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This eBook from the Gutenberg Project consists of approximately 58 pages of information about A Melody in Silver.

Mother did not seem to see him; she was seated at a low table strewn with toilet articles that sparkled under the rays of the gas-jet.  She was dressing her hair, and her arm swung in long, even strokes; from time to time she paused to wind something from the teeth of the white comb about her fingers, which she afterwards tucked deftly into a small wicker box beneath the tilted mirror.  In the meantime David was looking at her with a very long face, and by and by he slid quietly off the bed and went to her, pressing himself against her knees.

“What else,” she inquired, “did Dr. Redfield give you?”

David did not answer.  He pushed his face deep into Mother’s lap.

“Didn’t Doctor give you something else?”

“No.”

The word came with smothered indistinctness, but its meaning was unmistakable.

“What, nothing?”

David raised his head and caught hold of Mother’s hand.  He had grown very red in the face.

“Then what about the picture?” she asked, giving no heed to his embarrassment.  “Where did you get that?”

Both of David’s fists were now clinging fast to the woman’s hand.

“Mother,” he said, “I just tooked it.”

“Oh, dear me!”

“Mother, I knocked it down.  It broke.  I tooked it.”

A sudden silence had got hold of the room.  The little boy’s head sank once more into Mother’s lap and he shook with silent sobs.  A moist warmth went through her skirt and was felt upon her knee.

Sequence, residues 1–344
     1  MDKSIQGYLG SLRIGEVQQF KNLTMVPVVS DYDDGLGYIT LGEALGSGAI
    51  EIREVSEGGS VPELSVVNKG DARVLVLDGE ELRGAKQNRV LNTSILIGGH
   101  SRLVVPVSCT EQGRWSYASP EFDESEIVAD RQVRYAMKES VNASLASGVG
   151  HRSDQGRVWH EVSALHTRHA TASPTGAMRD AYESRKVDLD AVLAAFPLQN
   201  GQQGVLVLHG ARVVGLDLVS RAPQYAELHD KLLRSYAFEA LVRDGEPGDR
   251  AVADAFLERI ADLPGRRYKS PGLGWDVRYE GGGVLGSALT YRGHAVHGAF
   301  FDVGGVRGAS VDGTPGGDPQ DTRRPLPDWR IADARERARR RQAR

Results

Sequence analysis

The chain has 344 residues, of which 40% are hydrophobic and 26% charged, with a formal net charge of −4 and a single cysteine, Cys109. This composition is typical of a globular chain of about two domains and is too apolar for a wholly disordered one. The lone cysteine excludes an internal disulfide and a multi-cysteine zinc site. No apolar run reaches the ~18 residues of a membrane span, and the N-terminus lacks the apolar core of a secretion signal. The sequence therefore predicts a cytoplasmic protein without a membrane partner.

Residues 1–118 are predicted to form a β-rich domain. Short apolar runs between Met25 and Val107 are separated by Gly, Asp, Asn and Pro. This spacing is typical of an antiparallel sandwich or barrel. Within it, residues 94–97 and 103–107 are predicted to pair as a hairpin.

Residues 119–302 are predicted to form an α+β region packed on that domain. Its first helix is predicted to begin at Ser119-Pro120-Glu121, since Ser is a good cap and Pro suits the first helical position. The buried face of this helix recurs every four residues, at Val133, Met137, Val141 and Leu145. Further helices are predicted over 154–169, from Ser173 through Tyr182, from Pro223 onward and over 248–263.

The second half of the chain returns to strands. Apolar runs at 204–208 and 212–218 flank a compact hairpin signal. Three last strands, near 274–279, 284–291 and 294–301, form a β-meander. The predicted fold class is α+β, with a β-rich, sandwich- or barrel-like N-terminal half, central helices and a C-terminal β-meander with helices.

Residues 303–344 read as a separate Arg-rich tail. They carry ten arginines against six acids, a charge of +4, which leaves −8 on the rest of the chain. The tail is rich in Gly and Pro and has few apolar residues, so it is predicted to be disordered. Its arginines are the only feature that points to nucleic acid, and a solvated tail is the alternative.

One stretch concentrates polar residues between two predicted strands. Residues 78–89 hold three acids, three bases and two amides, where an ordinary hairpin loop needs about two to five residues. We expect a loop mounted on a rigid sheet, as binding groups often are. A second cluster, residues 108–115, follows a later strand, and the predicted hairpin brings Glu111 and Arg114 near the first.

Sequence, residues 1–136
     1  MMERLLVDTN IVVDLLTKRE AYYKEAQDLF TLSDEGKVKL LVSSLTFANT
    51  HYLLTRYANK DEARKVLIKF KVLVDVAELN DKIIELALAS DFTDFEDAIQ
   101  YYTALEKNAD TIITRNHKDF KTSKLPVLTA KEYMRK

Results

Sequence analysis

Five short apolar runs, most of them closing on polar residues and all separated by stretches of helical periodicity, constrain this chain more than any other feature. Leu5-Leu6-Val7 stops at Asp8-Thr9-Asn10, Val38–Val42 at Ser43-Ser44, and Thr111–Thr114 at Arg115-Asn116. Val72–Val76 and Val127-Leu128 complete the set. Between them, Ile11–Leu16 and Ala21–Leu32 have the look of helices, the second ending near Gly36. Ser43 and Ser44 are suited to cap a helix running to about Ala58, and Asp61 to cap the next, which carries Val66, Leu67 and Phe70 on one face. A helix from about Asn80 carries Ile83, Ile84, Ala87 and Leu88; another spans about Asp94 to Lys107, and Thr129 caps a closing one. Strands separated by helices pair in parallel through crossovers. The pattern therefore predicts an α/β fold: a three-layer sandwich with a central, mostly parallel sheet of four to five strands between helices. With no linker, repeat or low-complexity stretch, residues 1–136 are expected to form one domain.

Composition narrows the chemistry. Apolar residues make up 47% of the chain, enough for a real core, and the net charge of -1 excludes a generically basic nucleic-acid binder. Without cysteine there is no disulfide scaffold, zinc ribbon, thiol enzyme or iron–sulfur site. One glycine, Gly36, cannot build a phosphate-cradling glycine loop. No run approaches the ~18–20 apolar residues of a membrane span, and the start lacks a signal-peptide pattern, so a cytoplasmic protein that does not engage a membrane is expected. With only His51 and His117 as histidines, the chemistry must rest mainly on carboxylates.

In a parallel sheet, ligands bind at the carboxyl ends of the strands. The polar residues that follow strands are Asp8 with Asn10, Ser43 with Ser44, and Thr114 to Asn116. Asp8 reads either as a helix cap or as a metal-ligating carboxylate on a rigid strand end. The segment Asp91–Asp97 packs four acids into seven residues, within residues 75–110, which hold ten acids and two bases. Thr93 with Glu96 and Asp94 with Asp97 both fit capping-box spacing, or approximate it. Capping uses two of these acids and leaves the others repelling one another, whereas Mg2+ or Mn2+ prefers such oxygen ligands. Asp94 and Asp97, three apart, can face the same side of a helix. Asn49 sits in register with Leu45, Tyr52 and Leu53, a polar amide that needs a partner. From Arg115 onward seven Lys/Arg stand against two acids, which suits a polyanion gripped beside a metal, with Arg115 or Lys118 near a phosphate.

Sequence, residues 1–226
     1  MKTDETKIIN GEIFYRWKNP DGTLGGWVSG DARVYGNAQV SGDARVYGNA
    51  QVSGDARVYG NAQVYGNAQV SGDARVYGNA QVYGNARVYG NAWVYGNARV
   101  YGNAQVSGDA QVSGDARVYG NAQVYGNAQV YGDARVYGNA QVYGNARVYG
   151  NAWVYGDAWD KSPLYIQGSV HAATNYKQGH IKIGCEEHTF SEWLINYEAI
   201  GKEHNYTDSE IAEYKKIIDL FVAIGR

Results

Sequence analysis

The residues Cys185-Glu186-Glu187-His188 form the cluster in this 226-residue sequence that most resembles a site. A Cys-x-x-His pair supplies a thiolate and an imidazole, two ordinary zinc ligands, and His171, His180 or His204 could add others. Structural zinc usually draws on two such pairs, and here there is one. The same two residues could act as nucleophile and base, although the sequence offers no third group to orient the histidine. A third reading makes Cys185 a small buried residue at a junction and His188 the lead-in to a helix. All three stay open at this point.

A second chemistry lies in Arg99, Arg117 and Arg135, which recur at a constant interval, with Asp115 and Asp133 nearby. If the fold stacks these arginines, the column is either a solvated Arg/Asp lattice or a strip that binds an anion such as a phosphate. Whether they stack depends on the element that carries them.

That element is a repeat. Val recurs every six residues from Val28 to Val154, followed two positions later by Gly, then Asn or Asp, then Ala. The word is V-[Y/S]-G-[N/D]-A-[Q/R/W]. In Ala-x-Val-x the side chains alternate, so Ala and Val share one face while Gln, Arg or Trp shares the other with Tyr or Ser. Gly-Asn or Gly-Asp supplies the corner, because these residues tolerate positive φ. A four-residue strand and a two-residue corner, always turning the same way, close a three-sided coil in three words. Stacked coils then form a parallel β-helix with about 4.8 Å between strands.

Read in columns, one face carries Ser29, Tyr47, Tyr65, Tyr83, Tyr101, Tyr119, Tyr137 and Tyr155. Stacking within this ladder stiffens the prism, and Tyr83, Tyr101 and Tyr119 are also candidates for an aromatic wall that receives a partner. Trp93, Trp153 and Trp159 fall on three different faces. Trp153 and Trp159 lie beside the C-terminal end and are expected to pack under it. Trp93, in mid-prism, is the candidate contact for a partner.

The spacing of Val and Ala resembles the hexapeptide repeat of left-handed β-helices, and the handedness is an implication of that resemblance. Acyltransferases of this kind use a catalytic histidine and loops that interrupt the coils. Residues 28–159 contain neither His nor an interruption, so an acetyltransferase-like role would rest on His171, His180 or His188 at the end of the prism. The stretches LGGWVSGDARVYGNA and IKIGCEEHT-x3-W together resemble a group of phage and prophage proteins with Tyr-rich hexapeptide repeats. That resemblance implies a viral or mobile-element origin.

“This is hard on the Doctor,” she said, and her voice was firm, but her hand gently stroked her little boy’s hair.  “He let you look at the picture, and now it is spoiled.  He had only the one, and can never get another like it.  You broke it, and you took it from him.  We cannot mend it; it is done for.  My, my! what are we to do?”

David’s arms went tight about Mother’s knees.  In mute anguish he clung to her, pleading for help without saying a word.

“If only we had another picture!” Mother suggested.

Would—­would that do?

All of a sudden David had stopped crying.  With the wet, shiny, tear-trails across his cheeks he looked up.

“Mother!” His eyes were wide open.  “In your drawer,” he said, but his voice was so small he could hardly make himself heard, “in your drawer there is one—­a fine picture!”

“Is there?” Eagerness was in Mother’s tone; hopefulness was in Mother’s look, but the look vanished and left nothing but disappointment in her eyes.  She had remembered a little golden locket in a drawer of the chiffonier, a locket that held the handsome face of a young man.  She had never shown the picture to her little boy, and was not aware that he knew anything about it.

“That will never do,” she told David.  “It does not belong to you, and it cannot be given away.  It must be kept always.  People care a great deal for—­some pictures.  They have a meaning which is often one of the very best things life can ever have.  If you should be taken from me, and if I should still have your picture, that would be almost the best thing I could have.  You see how it is.  If some one should take the picture, I could never get another that would mean so much to me.”

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